This Town Needs Guns, Kartta
Mark Shields 14/02/2009
In the past most of us not had heard support bands before turning up to the gig and hearing the first stumbled chords and unsteady vocals. These days, a quick glance at any gig line up, and a few clicks from Google to Myspace and you can listen to the band before seeing them live. This can be a blessing or a curse.
In Kartta's case, my ignorance to their music was perfect. Regulars on the north east's gig circuit, Kartta have picked up quite a dedicated following, in evidence tonight as a number of the crowd were plainly here just to see their support slot rather than headliners This Town Needs Guns. I, on the other hand, seemed to be one of the few that had not heard them before. The band are loud, with the bass on the drums and bass guitar shattering around so much that it felt like it was throbbing in my chest. The mature rock that they performed was impressive and they were quite obviously comfortable on stage. Kartta had an air about them of a band on the cusp of being noticed by someone who actually fancies giving these guys their chance. The sweeping walls of guitar and the slight interplay between the two vocalists is pitched well against charming melodies and licks of high end fret guitar work. The drumming was occasionally driving the songs forward and other times taking a backseat to the vocals and guitar. The stand out track was towards the end of the set when the band slowed down into an almost shoe gaze-esque My Bloody Valentine track that had me captivated - the darkness of the piece got my attention.
Being the headliners I picked out This Town Needs Guns from the Myspace haze and trundled through their math-rock drumming and guitar wankery before setting foot inside the venue. With slightly less people in the crowd than were present for Kartta, the Oxford band's trip might have been all for nothing if they hadn't put in such good effort. The set was exceedingly tight - the drumming was of the highest standard I have seen since The Mars Volta - and all in my party were impressed by the ability shown in keeping the intricate structure of the song together. The guitar work was all rolling riffs with melodies being thrown with abandon as if they were disconnected from the rest of the song.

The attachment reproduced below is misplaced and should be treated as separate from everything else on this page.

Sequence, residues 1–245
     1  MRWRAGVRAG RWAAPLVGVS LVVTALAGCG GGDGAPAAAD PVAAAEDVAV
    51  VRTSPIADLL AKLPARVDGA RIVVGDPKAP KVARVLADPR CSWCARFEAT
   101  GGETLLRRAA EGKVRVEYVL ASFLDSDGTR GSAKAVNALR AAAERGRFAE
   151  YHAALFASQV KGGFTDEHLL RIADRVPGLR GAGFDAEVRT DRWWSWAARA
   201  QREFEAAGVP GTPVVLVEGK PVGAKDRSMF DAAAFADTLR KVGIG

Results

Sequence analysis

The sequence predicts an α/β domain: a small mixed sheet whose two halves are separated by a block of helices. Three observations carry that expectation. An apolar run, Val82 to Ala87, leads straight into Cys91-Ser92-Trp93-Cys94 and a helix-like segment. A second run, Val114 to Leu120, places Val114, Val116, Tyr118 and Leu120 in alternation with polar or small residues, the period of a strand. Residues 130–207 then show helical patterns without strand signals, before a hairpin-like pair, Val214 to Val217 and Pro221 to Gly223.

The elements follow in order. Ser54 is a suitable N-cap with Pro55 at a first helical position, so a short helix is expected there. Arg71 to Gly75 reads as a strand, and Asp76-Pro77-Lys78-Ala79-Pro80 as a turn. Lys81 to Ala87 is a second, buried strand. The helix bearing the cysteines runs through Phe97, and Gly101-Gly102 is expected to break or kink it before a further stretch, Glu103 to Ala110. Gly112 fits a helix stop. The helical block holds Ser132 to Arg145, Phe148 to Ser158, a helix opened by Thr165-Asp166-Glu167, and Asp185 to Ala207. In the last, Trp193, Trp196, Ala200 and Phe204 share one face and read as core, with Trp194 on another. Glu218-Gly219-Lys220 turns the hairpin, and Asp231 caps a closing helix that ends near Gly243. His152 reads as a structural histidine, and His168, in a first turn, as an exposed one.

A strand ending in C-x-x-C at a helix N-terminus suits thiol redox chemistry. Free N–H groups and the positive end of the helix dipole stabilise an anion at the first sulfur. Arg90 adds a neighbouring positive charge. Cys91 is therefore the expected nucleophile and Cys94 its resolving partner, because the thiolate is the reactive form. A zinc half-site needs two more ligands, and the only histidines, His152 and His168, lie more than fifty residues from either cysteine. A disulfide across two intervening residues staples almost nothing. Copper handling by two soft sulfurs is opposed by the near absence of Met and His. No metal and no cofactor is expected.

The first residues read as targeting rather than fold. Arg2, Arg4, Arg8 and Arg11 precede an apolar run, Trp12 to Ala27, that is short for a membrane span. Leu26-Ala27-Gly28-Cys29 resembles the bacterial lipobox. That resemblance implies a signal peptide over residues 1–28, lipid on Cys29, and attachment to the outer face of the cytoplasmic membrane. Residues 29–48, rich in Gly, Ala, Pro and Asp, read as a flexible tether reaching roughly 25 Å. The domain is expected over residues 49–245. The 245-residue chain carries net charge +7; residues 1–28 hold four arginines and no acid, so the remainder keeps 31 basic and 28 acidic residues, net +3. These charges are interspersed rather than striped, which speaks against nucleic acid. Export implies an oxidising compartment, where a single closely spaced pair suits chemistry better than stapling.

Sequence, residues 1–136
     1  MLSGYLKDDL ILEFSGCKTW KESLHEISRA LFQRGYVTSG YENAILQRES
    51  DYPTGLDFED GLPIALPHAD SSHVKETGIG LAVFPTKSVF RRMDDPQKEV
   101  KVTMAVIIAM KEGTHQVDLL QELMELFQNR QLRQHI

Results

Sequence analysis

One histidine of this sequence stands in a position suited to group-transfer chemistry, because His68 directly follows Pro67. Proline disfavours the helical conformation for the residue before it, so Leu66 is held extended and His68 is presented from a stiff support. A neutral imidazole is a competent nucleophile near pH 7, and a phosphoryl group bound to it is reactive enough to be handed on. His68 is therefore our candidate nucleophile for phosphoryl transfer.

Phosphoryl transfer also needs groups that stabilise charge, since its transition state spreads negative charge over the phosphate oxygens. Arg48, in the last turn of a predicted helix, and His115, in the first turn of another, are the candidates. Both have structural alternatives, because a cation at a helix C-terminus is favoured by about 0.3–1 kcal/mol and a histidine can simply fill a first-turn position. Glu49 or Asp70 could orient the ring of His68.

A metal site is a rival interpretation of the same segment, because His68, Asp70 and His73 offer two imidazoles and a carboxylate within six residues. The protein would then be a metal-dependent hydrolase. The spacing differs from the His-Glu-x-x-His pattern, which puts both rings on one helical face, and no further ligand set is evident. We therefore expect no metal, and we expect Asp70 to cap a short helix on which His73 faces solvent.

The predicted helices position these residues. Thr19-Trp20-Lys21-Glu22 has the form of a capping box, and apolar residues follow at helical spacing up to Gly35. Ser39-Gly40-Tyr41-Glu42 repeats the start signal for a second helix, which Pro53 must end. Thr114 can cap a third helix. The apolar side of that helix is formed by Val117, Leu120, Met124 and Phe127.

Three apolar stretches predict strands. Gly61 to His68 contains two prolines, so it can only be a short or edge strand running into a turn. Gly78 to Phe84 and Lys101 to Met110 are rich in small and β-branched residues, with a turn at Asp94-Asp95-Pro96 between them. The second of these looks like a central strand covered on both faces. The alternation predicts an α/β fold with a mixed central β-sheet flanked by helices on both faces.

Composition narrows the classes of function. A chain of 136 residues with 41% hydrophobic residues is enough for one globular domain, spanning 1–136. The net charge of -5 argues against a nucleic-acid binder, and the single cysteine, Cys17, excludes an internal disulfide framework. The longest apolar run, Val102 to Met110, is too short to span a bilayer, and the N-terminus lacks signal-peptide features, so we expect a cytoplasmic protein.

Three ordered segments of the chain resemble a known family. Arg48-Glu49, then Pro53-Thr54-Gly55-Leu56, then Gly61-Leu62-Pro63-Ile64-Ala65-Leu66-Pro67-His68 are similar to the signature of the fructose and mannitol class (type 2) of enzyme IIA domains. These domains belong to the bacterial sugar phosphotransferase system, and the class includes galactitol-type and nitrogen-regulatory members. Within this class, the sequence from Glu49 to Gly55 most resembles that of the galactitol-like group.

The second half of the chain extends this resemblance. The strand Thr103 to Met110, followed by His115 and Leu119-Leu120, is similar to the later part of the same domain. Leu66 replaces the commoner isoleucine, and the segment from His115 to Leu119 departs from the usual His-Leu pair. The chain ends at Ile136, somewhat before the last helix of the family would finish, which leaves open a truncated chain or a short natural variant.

The problem I have with This Town Needs Guns is that while Kartta were comfortable, almost in cruising mode, This Town Needs Guns, even when they were rocking their way though stand out tracks such as Chincilla, Baboon and 26 Is Dancier than 4, they still seemed a little uneasy at the task before them. But then converting a north east crowed on Valentines night, either filled with couples out on a date, people out on their own with single friends or on a first date, it is never going to be easy. With not so great inter song banter and a rather embarrassing forgetting of the support bands' names (two of which I missed, to my shame) it was always going to be a struggle and embracing that seemed tricky from the floor.
The fact that I had already given This Town Needs Guns air time was a good thing - expecting the technically brilliant guitar work and tight drumming, I was impressed by the vocals and the sound that the band created - even though the mix might have been a little off for the size of the venue. The band admirably gave the slightly empty Moshulu, a venue probably too big for the band, a good shot and filled the space with confident sounding music and strong melodies. I'd be interested to see the band further down the road with a bigger crowd or at a smaller venue, and maybe without the unfortunate and loathsome Valentines context.